If you’re a bit confused by the whole Apple TV+ thing (for example, you might have the question: Why is there an Apple TV+ service to begin with), Joe Adalian at Vulture has a solid lengthy write-up on what the tech company want to do with the platform.
Long story short: Apple want you using its TV app so that they can then get you to subscribe to other streaming services through Apple - the benefit for the customer is that they can then browse and playlist all the shows they want through the one app.
None of this is to suggest the Apple shows are beside the point, or that their creative success is irrelevant. But Apple saw an opening “to do video in a different way than others,” as Erlicht explains it. “There was also an opportunity in the user experience and user interface to fill a gap that was missing.” Erlicht says the TV landscape has “become a little bit of the Wild West,” with consumers forced to constantly switch between apps, retype passwords and credit card numbers, and scroll through endless menus just to find a particular program or movie. “We’re looking to simplify the viewing experience,” he says. Much the way Jobs wanted to do away with multiple remotes and tangled wires for physical TV sets, Apple wants its TV app, powered by the TV+ subscription service, to make streaming as simple as the old days of channel surfing.
The BBC’s The Media Show has an almost hour-long interview with Disney CEO Bob Iger. It’s a very entertaining interview that will give you a lot of insight into some of the big decisions made at Disney over Iger’s tenure.
There’s Star Wars chatter, a decent section on the roll-out of Disney+ and its timeline to roll-out to the UK), and a lot more.
This was hardly news, but yesterday Disney+ made a big deal about Avatar being an exclusive film on its service. Watch as Disney uses its marketing might to amp up a focus on Avatar in the lead-up to the sequels being released. Avatar has the potential to be a massive money-making franchise (which it will need to be, considering the money being spent on multiple sequels in production right now) if it is massaged correctly.
Source: The AV Club
This is where Warner Bros keeps ALL of their movies and TV shows and video games. Even the content that is made for digital is backed up on film in this air-conditioned facility:
It’s a pretty big facility. But also, Warner Bros needs better redundancy protection for its archive. Very soon, in addition to saving it all on film, they’re going to be saving their content on glass.
Yes. Glass. And it looks like this:
It’s part of a partnership with Microsoft who developed the technology. And the flagship film they’re saving first:
1978’s Superman. Ironically, this is the film that first proved that kryptonians could be captured in glass:
Take a read about the archival process. I assure you it is fascinating and will be the most interesting thing you read all week.
Read more: Variety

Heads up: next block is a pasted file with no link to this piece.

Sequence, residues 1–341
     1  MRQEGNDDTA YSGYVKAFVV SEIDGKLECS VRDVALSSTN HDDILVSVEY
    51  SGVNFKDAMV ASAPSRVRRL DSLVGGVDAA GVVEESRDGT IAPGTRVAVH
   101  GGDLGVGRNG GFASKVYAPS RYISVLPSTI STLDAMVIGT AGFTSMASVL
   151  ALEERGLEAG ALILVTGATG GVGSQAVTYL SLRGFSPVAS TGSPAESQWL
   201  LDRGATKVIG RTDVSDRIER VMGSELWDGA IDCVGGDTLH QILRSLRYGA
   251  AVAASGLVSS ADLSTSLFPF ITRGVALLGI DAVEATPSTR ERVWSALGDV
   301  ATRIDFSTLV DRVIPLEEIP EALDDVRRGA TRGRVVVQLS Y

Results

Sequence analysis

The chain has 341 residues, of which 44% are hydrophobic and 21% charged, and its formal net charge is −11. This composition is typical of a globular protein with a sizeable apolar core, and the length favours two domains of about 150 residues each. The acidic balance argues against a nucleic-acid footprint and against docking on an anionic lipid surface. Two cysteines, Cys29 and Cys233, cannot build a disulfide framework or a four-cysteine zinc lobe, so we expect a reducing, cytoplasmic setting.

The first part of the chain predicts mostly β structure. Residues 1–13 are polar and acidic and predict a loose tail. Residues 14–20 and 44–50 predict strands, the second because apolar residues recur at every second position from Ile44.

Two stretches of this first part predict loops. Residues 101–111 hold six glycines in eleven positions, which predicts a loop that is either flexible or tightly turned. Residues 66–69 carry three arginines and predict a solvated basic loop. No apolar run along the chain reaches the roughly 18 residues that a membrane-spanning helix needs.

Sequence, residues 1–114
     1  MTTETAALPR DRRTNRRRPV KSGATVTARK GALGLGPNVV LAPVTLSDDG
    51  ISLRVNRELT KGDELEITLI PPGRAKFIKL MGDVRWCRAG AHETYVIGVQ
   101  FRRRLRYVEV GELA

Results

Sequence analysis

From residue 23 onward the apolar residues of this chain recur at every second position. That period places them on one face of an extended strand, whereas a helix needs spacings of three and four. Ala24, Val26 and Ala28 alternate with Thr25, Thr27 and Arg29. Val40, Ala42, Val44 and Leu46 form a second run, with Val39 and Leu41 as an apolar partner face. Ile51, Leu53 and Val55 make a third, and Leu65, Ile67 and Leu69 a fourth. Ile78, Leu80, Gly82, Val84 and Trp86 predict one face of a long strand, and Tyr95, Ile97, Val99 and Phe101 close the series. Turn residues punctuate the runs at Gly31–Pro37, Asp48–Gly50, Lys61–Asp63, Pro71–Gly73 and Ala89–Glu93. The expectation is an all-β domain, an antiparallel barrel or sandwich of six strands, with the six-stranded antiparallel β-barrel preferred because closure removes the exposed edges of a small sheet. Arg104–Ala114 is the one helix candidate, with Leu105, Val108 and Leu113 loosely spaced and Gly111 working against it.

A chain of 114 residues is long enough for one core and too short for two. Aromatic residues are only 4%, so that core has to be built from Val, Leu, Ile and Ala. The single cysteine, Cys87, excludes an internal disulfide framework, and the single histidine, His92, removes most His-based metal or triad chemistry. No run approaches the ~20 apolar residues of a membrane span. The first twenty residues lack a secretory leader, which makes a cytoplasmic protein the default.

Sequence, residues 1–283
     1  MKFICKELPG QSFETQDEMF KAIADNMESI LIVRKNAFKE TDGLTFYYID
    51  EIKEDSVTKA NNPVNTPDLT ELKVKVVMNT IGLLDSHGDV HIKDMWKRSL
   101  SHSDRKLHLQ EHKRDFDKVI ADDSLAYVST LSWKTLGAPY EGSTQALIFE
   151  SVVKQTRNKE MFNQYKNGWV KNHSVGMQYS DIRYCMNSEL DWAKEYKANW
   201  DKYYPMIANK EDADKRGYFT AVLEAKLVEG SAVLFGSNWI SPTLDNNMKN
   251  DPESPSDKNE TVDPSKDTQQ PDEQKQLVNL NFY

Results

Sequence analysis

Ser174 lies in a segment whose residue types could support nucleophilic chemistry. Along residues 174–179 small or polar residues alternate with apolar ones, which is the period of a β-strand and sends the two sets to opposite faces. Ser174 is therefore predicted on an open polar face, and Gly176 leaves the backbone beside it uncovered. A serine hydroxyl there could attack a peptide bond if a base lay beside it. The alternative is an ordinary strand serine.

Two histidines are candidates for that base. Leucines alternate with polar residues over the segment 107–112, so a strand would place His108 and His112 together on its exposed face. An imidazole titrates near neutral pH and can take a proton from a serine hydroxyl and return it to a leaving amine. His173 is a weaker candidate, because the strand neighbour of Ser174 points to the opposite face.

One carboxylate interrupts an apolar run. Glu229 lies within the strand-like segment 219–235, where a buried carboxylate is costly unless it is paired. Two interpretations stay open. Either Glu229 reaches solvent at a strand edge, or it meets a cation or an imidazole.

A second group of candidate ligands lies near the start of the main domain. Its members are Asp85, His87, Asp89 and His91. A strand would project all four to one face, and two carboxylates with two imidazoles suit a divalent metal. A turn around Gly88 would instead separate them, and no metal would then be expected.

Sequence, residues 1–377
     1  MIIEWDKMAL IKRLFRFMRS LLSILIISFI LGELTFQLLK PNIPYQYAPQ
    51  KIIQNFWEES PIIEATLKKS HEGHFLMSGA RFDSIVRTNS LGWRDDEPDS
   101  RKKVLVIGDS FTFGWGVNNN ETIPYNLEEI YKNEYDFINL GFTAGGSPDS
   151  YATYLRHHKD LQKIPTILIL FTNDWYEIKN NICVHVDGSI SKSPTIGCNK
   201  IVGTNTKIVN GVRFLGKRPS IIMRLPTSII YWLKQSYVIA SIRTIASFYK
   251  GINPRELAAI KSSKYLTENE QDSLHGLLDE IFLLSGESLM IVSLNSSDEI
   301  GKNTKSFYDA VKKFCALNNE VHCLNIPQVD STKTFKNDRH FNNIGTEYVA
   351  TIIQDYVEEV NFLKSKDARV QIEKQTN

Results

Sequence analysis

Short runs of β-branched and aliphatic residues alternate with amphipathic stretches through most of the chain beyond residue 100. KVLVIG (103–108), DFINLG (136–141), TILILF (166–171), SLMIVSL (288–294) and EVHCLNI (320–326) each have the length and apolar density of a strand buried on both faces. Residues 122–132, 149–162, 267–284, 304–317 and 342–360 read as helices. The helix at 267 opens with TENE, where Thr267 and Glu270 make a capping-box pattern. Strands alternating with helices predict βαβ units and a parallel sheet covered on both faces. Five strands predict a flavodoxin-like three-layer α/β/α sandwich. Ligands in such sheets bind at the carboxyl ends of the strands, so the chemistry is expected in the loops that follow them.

It was while watching the third episode of HBO’s Watchmen last night, watching FBI agent Laurie Blake waving around a GIANT blue dildo that I realised: you need to have read the comic.
There was just enough information provided in the first two episodes that the average viewer could get by if they paid full attention. But, I’m not convinced as we move forward that an eagle eye is enough.
If you like the show and haven’t read the book - it is very easy to find (most everyday book stores likely carry it).. Watchmen is a great, literary read that is worth your time, effort, and the thirty bucks or whatever the book will cost you.
Things to read today:
- The liner notes of the Watchmen soundtrack fill in backstory. Read: Polygon
- Vulture explains why Blake is cracking so many jokes and has a giant blue dildo. Read: Vulture
- Is Watchmen too confusing for its own good? Read: Vox
Remember how Martin Scorsese said that Marvel movies weren’t really cinema and were all movies? Then all the fanboys (and girls) had a cry online only for film people to say that Scorsese has more than deserved his right to decide what is and isn’t film based on his long and distinguished career?
Now these same film fans are getting upset that Brian Lowry, a screen culture writer who has had a long and distinguished career that gives him the right to offer thoughts on what is and isn’t television, has dared suggest that Scorsese’s newest film The Irishman isn’t exactly cinema and could be argued as being a prestige TV mini-series. His rationale is that it wasn’t produced for a theatrical experience - rather it fits at home on Netflix among other high-end TV mini-series.
I’ve seen The Irishman (in the cinema) and I actually think Lowry makes a pretty good point on this.
The definition of movies, or "cinema," is changing too. If that designation isn't broad enough to encompass comic-book-inspired movies, as Scorsese suggested, should it include movies that aren't watched primarily in theaters?
Emily Nussbaum has a great piece on one of my favourite shows of the moment: Evil.
The show lacks the mythic grandeur of ambitious horror movies such as “Us” and “Midsommar,” but, despite its humbler aesthetic and its basic (in both senses) pleasures, it, too, feels soaked in modern anxieties, full of coded politics, with a special interest in the difficulty of distinguishing madness from amorality. Robert King is a practicing Catholic and Michelle King is a secular Jew; in interviews, they’ve said that the show grew out of debates about the sources of evil, which they see as being on the rise.
Source: New Yorker